In the context above, response strategies have become even more complicated by questionable reliability of the criminals to do as they say. Specifically, there is a significant risk that the criminals will take a victim’s money but then not actually return/release the ransomed data. Another risk is that paying a ransom in the first place may increase the likelihood of being a repeat victim based on the presumption that payment once signals willingness to pay again. For what it is worth, game theory probably has a lot to say about ransomware for both the bad actors and the victims. Specifically, if too many criminals fail to restore encrypted data, then victims will be much less likely to pay. If victims uniformly refuse to pay, then ransomware may be worthless. Of course, with so many actors, the range of responses is all but certain to keep ransomware around for a while.
While the discussion above primarily focuses on money and logistics, it is important not to lose sight of why health care entities (and those with which they contract) are particularly vulnerable: lives depend on data. Significantly, a case that is currently working through the courts expressly poses the question about causation between a ransomware attack and a baby’s death. Specifically, according to the lawsuit, a multi-day ransomware attack on Springhill Medical Center compromised a wide array of the hospital’s systems, including its fetal monitors, which led to the failure to detect complications with one of the hospital’s pregnant patients and which then was a material cause of the baby’s death nine months after birth.12 Regardless of the outcome of this particular case, there will undoubtedly be subsequent lawsuits, presumably with much tighter facts and easier causation arguments.
Finally, as if the above issues with ransomware were not enough for providers, the Office for Civil Rights (OCR) has taken the position that all ransomware incidents must be considered under the Health Insurance Portability and Accountability Act (HIPAA) Breach Notification Rule.13 Significantly, because there are no bright line standards in the Breach Risk Assessment requirements,14 entities may be forced to make the difficult choice of providing expensive and potentially image-damaging notice about an event that actually may not have compromised patient information in the first place or, in the alternative, risk a significant enforcement penalty if the OCR learns about the incident and then disagrees with the entity’s breach risk assessment conclusions.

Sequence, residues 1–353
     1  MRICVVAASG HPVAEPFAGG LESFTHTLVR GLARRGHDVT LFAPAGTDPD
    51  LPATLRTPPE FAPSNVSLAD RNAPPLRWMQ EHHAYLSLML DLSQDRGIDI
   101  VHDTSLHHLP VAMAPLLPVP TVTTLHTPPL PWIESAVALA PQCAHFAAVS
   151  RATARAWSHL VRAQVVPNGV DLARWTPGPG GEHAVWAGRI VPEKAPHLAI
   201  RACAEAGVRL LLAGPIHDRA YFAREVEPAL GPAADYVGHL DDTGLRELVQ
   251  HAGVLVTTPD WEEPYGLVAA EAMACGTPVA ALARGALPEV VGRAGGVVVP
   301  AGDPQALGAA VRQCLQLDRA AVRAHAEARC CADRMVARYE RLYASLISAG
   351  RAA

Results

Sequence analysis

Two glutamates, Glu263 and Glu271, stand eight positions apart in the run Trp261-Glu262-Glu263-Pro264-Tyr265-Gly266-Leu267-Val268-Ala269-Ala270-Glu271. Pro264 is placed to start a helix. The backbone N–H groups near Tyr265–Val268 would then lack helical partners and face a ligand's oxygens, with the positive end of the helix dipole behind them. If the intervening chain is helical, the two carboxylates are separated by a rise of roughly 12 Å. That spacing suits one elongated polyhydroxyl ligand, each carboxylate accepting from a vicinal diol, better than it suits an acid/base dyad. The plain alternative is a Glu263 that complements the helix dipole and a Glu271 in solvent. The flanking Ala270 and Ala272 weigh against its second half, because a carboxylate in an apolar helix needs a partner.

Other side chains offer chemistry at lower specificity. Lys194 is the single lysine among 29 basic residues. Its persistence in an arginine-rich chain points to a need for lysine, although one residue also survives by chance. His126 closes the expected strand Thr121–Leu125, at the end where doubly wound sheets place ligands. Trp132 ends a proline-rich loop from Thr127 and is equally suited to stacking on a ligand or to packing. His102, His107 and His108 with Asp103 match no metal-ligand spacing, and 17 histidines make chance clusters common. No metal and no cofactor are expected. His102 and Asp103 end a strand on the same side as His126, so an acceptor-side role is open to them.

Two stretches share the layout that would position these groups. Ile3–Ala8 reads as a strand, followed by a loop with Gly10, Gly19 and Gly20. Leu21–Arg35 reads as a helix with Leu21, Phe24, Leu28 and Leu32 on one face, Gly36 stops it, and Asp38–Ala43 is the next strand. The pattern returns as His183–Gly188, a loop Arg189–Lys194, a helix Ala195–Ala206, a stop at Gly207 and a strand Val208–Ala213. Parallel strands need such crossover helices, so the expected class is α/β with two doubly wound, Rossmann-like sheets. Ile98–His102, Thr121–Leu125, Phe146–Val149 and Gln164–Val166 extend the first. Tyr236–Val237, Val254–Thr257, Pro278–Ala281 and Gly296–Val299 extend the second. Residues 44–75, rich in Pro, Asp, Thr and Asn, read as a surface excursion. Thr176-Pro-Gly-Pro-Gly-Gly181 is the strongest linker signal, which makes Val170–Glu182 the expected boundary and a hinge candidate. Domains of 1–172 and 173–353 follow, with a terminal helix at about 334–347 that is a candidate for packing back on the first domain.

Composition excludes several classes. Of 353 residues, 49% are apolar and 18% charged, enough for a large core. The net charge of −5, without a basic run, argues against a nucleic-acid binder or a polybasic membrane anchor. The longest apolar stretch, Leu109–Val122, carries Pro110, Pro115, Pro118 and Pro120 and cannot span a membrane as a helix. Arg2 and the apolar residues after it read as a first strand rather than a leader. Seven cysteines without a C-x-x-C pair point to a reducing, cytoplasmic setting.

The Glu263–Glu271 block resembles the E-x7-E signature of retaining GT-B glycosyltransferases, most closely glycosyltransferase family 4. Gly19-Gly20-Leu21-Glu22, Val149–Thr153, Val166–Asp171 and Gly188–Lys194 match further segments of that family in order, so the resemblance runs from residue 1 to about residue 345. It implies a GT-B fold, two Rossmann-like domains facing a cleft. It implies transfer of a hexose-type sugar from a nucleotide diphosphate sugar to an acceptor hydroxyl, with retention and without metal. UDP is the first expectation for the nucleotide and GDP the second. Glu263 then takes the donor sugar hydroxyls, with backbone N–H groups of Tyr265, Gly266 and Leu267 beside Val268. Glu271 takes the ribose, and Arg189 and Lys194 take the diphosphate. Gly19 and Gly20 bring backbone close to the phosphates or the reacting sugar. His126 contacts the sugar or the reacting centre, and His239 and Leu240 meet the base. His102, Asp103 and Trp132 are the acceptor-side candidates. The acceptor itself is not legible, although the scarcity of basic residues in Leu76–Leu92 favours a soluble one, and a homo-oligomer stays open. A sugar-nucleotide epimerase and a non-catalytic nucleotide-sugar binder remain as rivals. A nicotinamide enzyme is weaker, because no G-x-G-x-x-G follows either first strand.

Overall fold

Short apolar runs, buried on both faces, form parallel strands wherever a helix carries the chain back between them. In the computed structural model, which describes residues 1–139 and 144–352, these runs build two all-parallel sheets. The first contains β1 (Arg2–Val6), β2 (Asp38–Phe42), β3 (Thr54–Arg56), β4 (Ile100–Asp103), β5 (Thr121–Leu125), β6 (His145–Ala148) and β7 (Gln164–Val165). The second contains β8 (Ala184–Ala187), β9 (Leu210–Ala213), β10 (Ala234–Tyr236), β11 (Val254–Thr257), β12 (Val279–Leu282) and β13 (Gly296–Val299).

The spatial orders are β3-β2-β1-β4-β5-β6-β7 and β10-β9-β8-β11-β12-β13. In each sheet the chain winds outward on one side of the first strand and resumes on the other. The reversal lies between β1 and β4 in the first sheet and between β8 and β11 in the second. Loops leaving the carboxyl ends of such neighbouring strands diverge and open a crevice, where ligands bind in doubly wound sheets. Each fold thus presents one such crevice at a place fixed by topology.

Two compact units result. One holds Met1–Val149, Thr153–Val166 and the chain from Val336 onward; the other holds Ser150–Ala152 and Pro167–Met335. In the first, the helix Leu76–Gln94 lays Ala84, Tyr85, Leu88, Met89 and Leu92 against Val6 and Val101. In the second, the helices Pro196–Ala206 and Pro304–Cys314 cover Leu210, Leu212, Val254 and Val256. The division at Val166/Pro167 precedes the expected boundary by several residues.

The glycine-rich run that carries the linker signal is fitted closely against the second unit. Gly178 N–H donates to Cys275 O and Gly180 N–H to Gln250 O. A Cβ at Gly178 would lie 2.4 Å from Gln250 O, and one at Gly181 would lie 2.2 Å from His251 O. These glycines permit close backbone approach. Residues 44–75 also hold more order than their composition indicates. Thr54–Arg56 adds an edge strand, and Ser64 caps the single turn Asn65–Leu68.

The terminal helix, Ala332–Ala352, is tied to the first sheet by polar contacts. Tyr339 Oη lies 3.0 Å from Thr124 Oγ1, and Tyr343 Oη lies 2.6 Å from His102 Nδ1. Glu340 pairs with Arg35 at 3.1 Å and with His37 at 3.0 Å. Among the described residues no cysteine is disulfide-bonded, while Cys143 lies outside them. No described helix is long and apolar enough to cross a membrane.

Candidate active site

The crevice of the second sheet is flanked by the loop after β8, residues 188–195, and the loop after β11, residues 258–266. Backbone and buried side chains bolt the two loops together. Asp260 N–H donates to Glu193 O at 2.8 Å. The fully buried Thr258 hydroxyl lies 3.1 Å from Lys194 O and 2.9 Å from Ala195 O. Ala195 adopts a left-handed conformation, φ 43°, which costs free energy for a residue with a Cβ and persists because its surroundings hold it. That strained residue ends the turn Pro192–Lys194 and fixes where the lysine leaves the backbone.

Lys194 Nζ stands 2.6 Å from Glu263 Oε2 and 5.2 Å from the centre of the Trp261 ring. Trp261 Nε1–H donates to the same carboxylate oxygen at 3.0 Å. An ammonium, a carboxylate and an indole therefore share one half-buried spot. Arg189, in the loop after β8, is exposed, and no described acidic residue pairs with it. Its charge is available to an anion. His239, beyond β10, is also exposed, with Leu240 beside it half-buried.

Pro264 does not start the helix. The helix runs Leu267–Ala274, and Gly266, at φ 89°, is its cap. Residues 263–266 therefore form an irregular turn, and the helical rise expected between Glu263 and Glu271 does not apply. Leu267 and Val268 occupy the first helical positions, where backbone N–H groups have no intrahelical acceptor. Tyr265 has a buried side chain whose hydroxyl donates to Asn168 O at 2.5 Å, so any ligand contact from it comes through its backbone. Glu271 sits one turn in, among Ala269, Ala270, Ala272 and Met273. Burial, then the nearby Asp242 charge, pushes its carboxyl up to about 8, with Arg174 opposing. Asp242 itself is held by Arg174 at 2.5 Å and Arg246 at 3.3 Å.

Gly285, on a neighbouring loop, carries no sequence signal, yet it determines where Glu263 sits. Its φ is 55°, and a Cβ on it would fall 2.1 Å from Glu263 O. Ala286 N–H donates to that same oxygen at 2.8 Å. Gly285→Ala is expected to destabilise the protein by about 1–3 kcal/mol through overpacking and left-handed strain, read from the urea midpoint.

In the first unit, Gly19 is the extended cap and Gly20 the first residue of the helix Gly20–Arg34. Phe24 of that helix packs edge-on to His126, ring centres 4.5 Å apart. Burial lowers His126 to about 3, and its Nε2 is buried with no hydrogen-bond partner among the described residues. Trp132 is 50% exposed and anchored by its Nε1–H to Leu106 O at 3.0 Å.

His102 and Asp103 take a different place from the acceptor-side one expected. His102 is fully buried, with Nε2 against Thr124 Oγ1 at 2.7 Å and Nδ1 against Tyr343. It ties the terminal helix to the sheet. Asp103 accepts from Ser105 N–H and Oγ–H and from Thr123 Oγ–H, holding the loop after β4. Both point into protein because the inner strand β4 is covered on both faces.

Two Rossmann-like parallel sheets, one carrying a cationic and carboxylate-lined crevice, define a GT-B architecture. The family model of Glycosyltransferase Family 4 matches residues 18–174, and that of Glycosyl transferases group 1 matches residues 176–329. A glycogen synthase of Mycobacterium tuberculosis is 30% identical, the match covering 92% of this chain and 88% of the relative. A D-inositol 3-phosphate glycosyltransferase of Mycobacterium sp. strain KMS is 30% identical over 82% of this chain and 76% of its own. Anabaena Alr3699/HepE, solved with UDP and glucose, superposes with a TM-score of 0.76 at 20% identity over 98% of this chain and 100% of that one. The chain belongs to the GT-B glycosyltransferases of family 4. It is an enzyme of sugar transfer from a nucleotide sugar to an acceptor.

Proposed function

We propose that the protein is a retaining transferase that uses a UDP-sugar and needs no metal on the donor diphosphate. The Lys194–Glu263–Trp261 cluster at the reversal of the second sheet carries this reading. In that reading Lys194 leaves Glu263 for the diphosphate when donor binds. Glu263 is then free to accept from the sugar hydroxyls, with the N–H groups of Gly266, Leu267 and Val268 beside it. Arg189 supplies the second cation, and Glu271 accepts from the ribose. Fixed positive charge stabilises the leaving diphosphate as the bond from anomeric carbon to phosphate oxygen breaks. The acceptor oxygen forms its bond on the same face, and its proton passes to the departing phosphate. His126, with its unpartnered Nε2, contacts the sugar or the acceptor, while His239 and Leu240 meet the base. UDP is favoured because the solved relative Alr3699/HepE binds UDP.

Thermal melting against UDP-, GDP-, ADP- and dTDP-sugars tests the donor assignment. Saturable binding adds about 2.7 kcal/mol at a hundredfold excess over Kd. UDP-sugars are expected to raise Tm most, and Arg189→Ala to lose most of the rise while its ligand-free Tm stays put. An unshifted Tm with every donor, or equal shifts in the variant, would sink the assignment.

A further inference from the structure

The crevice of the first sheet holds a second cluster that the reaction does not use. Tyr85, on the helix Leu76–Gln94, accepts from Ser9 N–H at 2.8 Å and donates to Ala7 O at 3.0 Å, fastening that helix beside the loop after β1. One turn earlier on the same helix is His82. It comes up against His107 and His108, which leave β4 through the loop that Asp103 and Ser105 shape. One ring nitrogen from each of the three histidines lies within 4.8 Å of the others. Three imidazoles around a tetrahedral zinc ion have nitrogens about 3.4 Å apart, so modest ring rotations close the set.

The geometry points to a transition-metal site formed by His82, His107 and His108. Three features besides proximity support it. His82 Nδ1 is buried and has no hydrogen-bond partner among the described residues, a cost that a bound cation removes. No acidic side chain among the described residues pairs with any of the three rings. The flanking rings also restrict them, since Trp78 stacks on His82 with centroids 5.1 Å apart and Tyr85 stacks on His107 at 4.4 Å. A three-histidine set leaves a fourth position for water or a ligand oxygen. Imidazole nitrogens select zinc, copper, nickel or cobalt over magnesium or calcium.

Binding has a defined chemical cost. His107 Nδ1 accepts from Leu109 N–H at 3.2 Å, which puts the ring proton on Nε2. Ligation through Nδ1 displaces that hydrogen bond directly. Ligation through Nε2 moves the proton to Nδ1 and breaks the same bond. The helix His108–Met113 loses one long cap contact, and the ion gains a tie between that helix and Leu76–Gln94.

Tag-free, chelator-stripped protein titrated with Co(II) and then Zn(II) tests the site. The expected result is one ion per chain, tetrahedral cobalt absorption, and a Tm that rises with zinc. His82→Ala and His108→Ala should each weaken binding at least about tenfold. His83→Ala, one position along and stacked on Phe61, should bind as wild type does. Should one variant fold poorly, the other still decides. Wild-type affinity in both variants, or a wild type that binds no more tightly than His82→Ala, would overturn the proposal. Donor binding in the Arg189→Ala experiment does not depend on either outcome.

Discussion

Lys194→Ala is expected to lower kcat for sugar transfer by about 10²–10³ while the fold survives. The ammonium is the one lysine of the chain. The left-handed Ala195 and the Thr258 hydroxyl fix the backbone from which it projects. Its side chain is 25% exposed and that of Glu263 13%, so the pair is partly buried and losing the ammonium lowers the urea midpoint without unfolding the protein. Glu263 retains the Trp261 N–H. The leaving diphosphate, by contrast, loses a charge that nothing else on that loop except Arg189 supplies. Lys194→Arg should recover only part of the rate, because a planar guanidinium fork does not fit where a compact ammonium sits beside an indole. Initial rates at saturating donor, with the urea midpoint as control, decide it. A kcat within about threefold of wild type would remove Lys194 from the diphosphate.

Unfortunately, the risks of ransomware are not limited to organizations. The stakes are growing at the personal level as “connected” devices and the “internet of things” put more and more health information in internet-accessible form. Imagine a person with a connected pacemaker who receives an email saying: “I’ve hacked your heart, now pay up in bitcoin,” or consider a diabetic individual who gets a text along these lines: “Do you know what your blood sugar is right now? I do. To unlock your monitor, send $100 to [anonymous account].” With these types of situations, game theory, once again, comes into play, where the scope, amount of ransom, and ease of payment may enable criminals to make a fortune from a large-scale attack with relatively small ransoms that are very likely to be paid because the risks of non-payment are potentially fatal. It is for these circumstances, that anyone developing a health care app or a connected device should incorporate robust security features at the absolute outset of the design process (i.e., “security by design”). Similarly, providers, insurers, or others who recommend or reimburse for the use of connected devices should be mindful of the security features built into the systems, lest they find themselves indirectly liable for individual device attacks.
As long as information is digital, it will be vulnerable. And, it is foolish to assume that the cybersecurity industry will actually stay ahead of cybercriminals. Of course, this does not mean ignoring technical features to minimize the risk of a successful attack or structural/operational features to reduce the impact of a successful attack. But reliance on these measures is not enough; workforce education is also essential.
Until cybercriminals move on to a new favorite method of attack, entities should assume that a ransomware attack could happen at any moment. As a result, it is essential to have a logistical plan for either restoring the entity’s relevant data or operating without such data, and it is equally important to have a strategy regarding whether to pay. With any luck, a victim entity will merely have to deal with the significant challenges of implementing its plan rather than the even greater challenge of figuring out its plan and rolling it out at the same time. #forewarnedisforearmed